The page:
I've discovered this year that having a yearly TBR isn't really working for me - I've already refreshed it once (in April) and am itching to do it again already, so I think a quarterly challenge would be perfect for me, for now at least.

message 25: by Nicole (new)

Nicole Sterling | 452 comments Jody wrote: "I'm thinking of doing the seasonal challenge, but just not posting. I love how the prompts would stretch me, but I also want a little more flexibility (to add children's books or graphic novels, fo..."

Jody - I was thinking the same thing. The Seasonal challenge looks like fun, but I'm really not interested in putting all the time & effort (plus stress!) into that, so I might follow some of the prompts, but not actually post in the groups. I could just add the challenges I decide to do to my challenge list in the "To Infinity and Beyond" thread, so I can keep track of them in one place with my other challenges.

I also checked out the Wacky Challenges & those look fun, too! I'm afraid if I go from just doing the Popsugar challenge this year to doing a lot next year, I might get overwhelmed, so maybe I'll add in a seasonal or wacky challenge soon, just to get a feel for working more than one challenge at a time.

When you say you "refreshed" your challenge in April and want to do it again, what do you mean by that? Just curious. :)

message 26: by Jody (new)

Jody (jodybell) | 3469 comments I didn't make a plan this year - instead, I made a list of books that I really wanted to read, and as I start one, I just stick it into a prompt that it fits. However, after a few months, my interest in quite a few of them had waned, so I took a bunch off and added a bunch more. Now I'm feeling unenthused again, so I'm about to do another one. :) After a cracker start to the year, I'm in a bit of a slump, so this will hopefully help!

message 27: by Nicole (new)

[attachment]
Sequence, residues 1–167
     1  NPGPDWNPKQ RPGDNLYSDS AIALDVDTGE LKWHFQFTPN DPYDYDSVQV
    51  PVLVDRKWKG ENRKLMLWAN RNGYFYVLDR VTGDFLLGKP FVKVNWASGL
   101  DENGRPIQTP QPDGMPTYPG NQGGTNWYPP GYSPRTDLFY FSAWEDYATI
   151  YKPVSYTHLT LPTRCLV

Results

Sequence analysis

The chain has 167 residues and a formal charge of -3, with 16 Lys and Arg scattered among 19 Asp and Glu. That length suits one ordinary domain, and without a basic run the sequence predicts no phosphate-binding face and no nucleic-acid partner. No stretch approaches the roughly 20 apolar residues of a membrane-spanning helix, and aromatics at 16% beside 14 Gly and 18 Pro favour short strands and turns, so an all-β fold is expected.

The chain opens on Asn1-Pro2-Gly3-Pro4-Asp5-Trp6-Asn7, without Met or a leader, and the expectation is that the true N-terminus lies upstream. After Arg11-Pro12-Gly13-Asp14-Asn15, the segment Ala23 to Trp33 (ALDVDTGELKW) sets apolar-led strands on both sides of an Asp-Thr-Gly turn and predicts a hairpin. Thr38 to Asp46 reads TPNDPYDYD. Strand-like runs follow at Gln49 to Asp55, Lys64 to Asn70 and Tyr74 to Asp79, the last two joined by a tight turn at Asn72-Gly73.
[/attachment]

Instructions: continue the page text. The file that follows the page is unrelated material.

Nicole Sterling | 452 comments Jody wrote: "I didn't make a plan this year - instead, I made a list of books that I really wanted to read, and as I start one, I just stick it into a prompt that it fits. However, after a few months, my intere..."

I know how that goes. I have had a couple of slumps this year. I started making my plan for the Popsugar challenge in November (I think), but I just listed any books I could find that sounded halfway interesting for each prompt. Sometimes I had a list of 5-8 books for certain prompts, so I had some choices for the prompts without having to start from scratch. And sometimes, even with that many books on a prompt, I would end up finding a completely different book I wanted to read instead. It happens.

I agree with many that the main point of the challenges is to get us reading more, though, so whether you're doing a full-year challenge or a seasonal challenge or just trying to get through your TBR list, I think you're killing it! :)

I'm a wife, mom, full-time employee & part-time volunteer, so my reading time is scarce. The last few years, I have hardly had any time to read and when I did read, it was mostly to/with my son. Starting the Popsugar challenge this year gave me so much motivation that I ended up reading more books in January than I had read in 2016, 2015 or 2014. Right now, I know I've read more books this year than probably the past five years combined. I don't think it matters how we do the challenge or which ones we do, it just matters that we are reading. I realized that I can find time to read, but I have to actively make that time for myself, or it just won't happen.

Can't wait to start voting on the new prompts for the 2018 challenge & start making my list for next year!

message 28: by Allison (new)